An illiberal descent: natural and national history in the work of Charles Kingsley.
History, 96, (322), .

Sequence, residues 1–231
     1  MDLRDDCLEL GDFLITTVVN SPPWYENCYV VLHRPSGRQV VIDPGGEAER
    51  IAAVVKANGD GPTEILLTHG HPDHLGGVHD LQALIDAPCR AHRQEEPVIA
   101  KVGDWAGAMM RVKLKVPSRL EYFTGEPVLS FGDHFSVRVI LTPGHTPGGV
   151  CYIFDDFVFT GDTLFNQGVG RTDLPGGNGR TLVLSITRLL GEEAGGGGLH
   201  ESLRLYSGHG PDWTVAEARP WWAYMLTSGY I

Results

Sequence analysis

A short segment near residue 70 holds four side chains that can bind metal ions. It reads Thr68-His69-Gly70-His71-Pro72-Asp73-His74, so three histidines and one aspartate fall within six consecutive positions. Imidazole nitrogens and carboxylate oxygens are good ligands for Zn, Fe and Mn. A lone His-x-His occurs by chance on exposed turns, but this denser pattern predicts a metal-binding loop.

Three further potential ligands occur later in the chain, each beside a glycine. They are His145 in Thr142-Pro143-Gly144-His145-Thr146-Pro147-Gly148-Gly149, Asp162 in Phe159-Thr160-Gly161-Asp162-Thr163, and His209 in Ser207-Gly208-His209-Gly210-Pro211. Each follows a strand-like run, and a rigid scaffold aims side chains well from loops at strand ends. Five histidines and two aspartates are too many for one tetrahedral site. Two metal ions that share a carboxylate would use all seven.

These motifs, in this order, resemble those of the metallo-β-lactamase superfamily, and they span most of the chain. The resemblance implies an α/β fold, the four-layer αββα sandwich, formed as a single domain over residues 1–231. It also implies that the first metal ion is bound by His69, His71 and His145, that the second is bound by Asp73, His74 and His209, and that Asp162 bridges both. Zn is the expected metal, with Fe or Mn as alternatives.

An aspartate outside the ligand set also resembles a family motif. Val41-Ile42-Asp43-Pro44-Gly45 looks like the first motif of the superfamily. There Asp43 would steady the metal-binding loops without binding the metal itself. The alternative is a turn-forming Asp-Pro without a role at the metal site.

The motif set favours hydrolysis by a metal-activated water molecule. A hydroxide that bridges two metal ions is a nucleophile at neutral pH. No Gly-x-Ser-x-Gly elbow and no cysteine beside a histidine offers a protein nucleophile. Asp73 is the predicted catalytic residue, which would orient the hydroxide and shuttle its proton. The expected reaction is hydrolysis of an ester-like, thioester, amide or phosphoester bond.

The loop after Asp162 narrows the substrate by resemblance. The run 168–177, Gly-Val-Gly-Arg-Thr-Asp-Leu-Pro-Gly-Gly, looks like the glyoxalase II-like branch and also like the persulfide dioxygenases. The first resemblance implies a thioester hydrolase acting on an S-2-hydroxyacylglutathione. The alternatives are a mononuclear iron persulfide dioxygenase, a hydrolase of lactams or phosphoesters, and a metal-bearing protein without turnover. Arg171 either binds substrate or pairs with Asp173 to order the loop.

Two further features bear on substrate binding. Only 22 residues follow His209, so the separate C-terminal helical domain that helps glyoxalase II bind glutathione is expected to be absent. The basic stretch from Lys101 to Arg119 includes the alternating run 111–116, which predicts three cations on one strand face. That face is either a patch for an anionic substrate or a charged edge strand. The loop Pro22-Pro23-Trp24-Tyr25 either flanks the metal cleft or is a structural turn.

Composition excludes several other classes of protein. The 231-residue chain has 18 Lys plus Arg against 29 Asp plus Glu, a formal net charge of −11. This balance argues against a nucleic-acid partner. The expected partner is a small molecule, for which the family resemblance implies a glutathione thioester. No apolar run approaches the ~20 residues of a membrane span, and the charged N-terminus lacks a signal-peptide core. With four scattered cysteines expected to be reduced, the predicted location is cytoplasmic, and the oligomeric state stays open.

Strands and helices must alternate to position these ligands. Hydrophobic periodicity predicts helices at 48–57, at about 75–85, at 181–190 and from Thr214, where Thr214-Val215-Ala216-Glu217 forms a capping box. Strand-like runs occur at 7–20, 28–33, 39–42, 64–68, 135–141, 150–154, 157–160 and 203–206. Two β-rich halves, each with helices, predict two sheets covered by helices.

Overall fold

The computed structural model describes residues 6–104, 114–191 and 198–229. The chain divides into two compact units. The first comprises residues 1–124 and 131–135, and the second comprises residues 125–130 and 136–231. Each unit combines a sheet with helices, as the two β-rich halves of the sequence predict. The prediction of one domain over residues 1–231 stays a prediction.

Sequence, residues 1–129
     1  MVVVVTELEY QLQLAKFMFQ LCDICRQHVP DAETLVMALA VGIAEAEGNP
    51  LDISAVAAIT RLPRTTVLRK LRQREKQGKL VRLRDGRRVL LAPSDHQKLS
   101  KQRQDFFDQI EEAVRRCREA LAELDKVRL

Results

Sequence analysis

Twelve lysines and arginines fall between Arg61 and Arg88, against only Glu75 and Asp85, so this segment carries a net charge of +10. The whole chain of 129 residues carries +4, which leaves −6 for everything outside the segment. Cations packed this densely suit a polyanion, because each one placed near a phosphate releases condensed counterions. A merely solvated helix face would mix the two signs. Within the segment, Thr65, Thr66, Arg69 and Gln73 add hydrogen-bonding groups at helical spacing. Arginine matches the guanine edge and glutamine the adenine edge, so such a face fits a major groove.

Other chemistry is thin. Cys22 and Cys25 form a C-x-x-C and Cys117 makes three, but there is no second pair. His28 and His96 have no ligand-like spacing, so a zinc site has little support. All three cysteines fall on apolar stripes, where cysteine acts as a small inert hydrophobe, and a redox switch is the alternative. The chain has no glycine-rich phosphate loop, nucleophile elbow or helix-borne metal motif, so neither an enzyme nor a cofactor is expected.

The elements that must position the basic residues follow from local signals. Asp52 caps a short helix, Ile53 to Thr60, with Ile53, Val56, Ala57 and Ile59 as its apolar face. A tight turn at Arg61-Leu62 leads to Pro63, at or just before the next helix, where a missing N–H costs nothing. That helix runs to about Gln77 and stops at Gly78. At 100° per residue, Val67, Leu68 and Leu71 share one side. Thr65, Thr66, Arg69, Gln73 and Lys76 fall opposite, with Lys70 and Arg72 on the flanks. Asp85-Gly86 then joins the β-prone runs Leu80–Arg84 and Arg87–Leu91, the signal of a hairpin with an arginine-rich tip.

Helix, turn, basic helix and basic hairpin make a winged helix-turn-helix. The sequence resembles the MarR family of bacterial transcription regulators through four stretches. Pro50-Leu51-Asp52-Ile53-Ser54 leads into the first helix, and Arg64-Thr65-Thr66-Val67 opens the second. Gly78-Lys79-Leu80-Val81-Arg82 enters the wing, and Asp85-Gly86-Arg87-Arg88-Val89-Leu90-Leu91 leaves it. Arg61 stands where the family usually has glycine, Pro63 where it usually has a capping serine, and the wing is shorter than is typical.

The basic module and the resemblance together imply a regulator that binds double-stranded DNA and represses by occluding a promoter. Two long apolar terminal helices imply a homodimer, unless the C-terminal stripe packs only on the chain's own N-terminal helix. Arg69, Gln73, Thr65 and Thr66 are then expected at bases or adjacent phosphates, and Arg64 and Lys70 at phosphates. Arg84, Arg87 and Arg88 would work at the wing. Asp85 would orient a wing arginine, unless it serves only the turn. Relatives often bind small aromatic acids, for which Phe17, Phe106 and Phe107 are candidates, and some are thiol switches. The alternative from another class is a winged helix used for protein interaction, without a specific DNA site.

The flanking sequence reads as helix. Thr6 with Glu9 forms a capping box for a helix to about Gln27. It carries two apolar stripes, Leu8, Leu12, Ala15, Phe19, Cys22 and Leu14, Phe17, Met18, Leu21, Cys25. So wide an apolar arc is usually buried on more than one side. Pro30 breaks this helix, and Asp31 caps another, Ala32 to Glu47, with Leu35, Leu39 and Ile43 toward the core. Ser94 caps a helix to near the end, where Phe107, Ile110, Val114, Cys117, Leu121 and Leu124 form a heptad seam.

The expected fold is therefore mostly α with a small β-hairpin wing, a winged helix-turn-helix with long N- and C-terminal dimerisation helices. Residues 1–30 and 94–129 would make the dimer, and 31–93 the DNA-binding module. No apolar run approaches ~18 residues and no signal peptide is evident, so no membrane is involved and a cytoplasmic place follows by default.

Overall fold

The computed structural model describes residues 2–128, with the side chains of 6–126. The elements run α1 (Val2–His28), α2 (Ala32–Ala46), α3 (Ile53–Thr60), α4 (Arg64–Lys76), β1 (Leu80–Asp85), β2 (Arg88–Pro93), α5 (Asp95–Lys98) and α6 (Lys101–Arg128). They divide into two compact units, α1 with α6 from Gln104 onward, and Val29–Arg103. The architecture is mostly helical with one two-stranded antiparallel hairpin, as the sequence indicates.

The Victorian novelist, historian and cleric Charles Kingsley (1819-1875) was a polymath who took a close interest in natural history. A friend and correspondent of T. H. Huxley and many other leading British and American biologists, Kingsley applied concepts familiar from evolutionary biology in his historical novels and lectures. Rather than a straightforward case of dressing literary works in language made fashionable and exciting by the boom of post-Darwinian speculation on evolution, Kingsley sought to construct a ‘Natural Theology’ for the Victorian age, one in which natural and national history merged completely. This encouraged him to present the history of Britain as the history of a divinely-favoured Teutonic race, one with a mission to subdue the world. Less favoured races were doomed to assimilation into this race or to complete annihilation. Such racialist thinking was, this essay suggests, not unusual in Victorian historical writing. Accounts of Victorian historiography structured around the professionalisation of a new discipline of history may have caused us to overlook 'amateurs' such as Kingsley, despite the fact that their historical works remained popular well into the twentieth century.
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